Portugal, Carvoieiro and Praia de Marinha

“The ancient handsome litter of the sea front had possessed its own significance, its vivacity and its charm.  A spirited collection of abandoned windlasses, the ribs of forgotten boats, the salt wasted, almost translucent gallows on which the fish had once been dried, the sand polished sculpture of half buried driftwood … was now abolished at a stroke” – Norman Lewis – ‘Voices of the Old Sea’

Part way through the holiday we hired some cars and did some sightseeing along the coast.  On the first day we drove east to a small fishing village that I had visited eight years previously because I remembered that it was especially picturesque.

This was the pretty little fishing village of Carvoeiro, which, as I promised, was quite stunning, especially when viewed from the craggy cliffs on either side of the town, so we walked all around it and from the top we admired the village layered with white-washed villas and buildings which seem to undulate in perfect harmony with the natural rocky landscape.

The houses rose in tiers out of the caramel beach, sun blistered and pock-marked by the corrosion of the salt water with brightly coloured paintwork, green, crimson and blue and window boxes where even hardy geraniums were struggling to deal with the midday heat.

Carvoeiro Algarve Portugal

The beach was a delightful golden colour with pristine sand scarred but not disfigured by the tracks of the ancient tractors which pulled the fishing boats in and out of the sea.  It was small and compact but sufficient when there aren’t many people about to share it with and it was fringed with seaside cafés and restaurants with indolent umbrellas providing welcome shade against the fierceness of the sun.

This was a wonderful place and down at the edge of the water there was no mistaking that this was a working fishing village that was a million miles away from the nearby tourist resort of Praia de Luz.

There were local people swimming in the sea and the beach was decorated with tiny fishing boats that had been working the previous night and were now just resting before going out again later.  At the back of the sheltered beach there were fishermen’s houses that were built next to the beach and in some cases directly into the cliffs and I had a sense that inside men were resting before working again later tonight.  In front of the houses were creaking wooden railings, disgigured and cracked, where the nets were left to dry and be repaired and tables where every day the previous night’s catch was assessed, sorted and prepared for sale.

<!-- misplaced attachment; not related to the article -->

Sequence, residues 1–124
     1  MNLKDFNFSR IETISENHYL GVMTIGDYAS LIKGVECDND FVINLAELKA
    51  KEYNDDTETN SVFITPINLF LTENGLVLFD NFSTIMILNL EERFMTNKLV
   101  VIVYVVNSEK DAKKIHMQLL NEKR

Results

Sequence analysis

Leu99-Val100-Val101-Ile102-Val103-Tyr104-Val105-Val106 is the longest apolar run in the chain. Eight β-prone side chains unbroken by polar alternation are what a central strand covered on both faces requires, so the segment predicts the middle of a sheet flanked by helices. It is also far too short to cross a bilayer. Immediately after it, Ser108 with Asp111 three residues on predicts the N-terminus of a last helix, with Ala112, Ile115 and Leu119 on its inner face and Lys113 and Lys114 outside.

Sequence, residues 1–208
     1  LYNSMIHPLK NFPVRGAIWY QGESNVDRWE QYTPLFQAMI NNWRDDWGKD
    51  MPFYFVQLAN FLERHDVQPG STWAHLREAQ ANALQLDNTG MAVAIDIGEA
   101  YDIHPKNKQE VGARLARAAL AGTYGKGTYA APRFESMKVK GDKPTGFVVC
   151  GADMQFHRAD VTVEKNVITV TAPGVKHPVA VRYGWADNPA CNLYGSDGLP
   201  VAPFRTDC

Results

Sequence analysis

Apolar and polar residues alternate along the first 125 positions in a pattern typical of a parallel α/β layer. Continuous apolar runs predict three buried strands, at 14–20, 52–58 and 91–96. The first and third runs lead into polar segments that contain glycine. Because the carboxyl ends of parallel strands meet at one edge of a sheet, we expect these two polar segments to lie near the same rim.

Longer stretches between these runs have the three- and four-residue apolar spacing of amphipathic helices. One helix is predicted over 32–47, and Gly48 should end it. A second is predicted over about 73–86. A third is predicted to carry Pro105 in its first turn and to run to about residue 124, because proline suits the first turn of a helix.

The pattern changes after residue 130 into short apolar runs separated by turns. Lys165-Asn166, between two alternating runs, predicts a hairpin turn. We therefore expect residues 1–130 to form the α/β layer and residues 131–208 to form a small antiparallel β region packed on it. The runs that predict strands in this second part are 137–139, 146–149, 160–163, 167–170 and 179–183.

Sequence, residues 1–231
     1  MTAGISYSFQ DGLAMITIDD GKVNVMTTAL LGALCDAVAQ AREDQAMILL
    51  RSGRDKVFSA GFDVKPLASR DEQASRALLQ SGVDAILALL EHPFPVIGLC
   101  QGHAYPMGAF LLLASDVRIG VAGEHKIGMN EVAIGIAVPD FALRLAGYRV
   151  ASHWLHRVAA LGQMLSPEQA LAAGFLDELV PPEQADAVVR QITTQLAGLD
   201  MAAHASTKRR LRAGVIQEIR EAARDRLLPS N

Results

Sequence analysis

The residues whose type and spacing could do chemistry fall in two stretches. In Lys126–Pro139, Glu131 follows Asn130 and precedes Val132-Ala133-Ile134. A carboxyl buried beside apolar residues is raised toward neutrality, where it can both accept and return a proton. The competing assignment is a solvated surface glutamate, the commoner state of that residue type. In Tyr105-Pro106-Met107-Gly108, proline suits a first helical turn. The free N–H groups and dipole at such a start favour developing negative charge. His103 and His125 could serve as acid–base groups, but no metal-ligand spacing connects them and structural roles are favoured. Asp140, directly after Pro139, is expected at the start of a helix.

I understand that Carvoeiro is a lot busier now so I am glad that I saw it as the fishing beach and community that has now all but gone to make way for holiday complexes and tourists, where fishing boats have been replaced by jet skis and pedalos.

Before tourism this was a very small and intimate fishing village and in 1965 a foreign resident wrote about the place; “the mode of living remains essentially medieval”.  Well, in 1994 it was a bit more modern than that but still very quaint and although I have never been back I understand that now, twenty years on, it has lost any resemblance whatsoever to its modest origins.

When it was time to leave we decided to check out the guide book claims that this part of the coast has the best beaches on the Algarve.  This is a claim that is made by every town and village along the south coast of Portugal so we made straight for the Praia de Marinha or the Navy Beach and so called because of the colour of the sea rather than any military activity.